How to Fix Faded Carbon Fiber Hood

Written by richard rowe
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Refinishing a faded carbon fibre bonnet is much like restoring any other painted surface. Much of the white glaze found on older carbon fibre parts is actually oxidation in the clear coat, the same as one might find on any painted surface. The main difference between carbon fibre and paint is that the fibrous weave of the material is much more UV-resistant than the coloured pigment, meaning it takes much longer to actually lose its dark colour. To refinish a carbon bonnet, you must only get past the layer of white oxidation on the surface with a good polishing system.

Skill level:

Things you need

  • 8 microfiber cloths
  • Medium-duty scratch remover compound
  • Fine polishing compound
  • High-quality wax
  • Car wash detergent
  • Water

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  1. 1

    Wash the parts to be refinished to remove surface dirt, as the hard silica can leave scratches in the finish.

  2. 2

    Remove the layer of surface oxidation and heavier scratches with a microfiber cloth and a medium-duty polishing compound, such as Scratch X. Work the polish in with overlapping 8-inch diameter circles. Be careful not to apply too much pressure, as it's not difficult to wear thin spots in the clear coat.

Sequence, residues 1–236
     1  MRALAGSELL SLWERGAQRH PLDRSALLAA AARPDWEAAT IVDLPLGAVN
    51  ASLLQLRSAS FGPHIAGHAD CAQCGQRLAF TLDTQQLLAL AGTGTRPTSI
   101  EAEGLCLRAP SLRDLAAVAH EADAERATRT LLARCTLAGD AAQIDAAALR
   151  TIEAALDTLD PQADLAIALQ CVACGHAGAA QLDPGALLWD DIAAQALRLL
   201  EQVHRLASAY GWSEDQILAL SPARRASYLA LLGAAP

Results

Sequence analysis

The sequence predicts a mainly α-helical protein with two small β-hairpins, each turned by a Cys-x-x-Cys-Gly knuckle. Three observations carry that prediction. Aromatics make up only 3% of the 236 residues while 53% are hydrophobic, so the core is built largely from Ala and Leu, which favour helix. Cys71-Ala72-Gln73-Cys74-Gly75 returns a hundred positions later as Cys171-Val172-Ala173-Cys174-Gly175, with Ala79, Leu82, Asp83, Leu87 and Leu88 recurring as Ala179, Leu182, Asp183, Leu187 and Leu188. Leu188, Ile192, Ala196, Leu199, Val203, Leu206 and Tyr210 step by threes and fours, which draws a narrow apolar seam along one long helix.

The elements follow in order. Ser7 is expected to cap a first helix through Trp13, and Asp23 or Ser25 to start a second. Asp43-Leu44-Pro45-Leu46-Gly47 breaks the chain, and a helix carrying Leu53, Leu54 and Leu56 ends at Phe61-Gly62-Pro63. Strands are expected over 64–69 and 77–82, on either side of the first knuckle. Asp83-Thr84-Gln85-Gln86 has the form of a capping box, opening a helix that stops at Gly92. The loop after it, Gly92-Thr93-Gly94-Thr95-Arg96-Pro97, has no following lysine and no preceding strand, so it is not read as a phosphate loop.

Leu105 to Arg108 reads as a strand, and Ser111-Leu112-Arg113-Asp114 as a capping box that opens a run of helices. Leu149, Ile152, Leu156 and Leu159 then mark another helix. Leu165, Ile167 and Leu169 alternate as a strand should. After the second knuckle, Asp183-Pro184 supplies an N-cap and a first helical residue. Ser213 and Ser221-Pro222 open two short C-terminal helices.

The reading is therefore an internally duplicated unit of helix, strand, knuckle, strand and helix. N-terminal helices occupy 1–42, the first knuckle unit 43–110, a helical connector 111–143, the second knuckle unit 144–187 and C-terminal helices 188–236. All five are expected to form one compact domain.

3. 3

    Wait for the polish to dry, then buff with a clean towel.

  4. 4

    Polish the surface further with a high-quality product. Using a good polish is very important on carbon fibre, as the dark colour, depth of the weave and several coats of clear hide nothing. Work the polish in gently with overlapping circles using a clean towel.

  5. 5

    Wait for the polish to dry, then buff with a clean towel.

  6. 6

    Wax using the highest quality product available with---you guessed it, a clean microfiber towel. Avoid using spray-on waxes (remember, the carbon fibre's clear coat hides nothing).

  7. 7

    Allow 10-15 minutes to dry, away from direct sunlight. Buff with a clean towel. Repeat waxing if desired.

Tips and warnings

  • For truly damaged and worn carbon fibre parts, consider taking the part to your local paint shop for a fresh clear coat. This is generally much cheaper than having the same part painted with standard paint, and it may yield a deeper and better finish than the component had when it was new.
  • As when using any sort of abrasive on a painted surface, do not polish for too long in any one area. Though hand polishing drastically reduces the risk of burn-through versus machine polishing, it's still quite possible to do so. Never wax or polish your car in direct sunlight or under any heat-producing source of light.

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